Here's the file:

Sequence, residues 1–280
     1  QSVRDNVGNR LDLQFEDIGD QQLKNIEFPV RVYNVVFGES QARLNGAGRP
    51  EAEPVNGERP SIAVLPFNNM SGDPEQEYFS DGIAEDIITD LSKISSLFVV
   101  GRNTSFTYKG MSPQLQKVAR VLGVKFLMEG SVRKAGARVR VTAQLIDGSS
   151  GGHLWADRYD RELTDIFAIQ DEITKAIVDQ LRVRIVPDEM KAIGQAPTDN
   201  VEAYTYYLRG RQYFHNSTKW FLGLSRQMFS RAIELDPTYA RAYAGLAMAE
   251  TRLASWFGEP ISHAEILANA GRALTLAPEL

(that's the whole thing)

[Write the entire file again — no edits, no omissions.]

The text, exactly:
Sequence, residues 1–280
     1  QSVRDNVGNR LDLQFEDIGD QQLKNIEFPV RVYNVVFGES QARLNGAGRP
    51  EAEPVNGERP SIAVLPFNNM SGDPEQEYFS DGIAEDIITD LSKISSLFVV
   101  GRNTSFTYKG MSPQLQKVAR VLGVKFLMEG SVRKAGARVR VTAQLIDGSS
   151  GGHLWADRYD RELTDIFAIQ DEITKAIVDQ LRVRIVPDEM KAIGQAPTDN
   201  VEAYTYYLRG RQYFHNSTKW FLGLSRQMFS RAIELDPTYA RAYAGLAMAE
   251  TRLASWFGEP ISHAEILANA GRALTLAPEL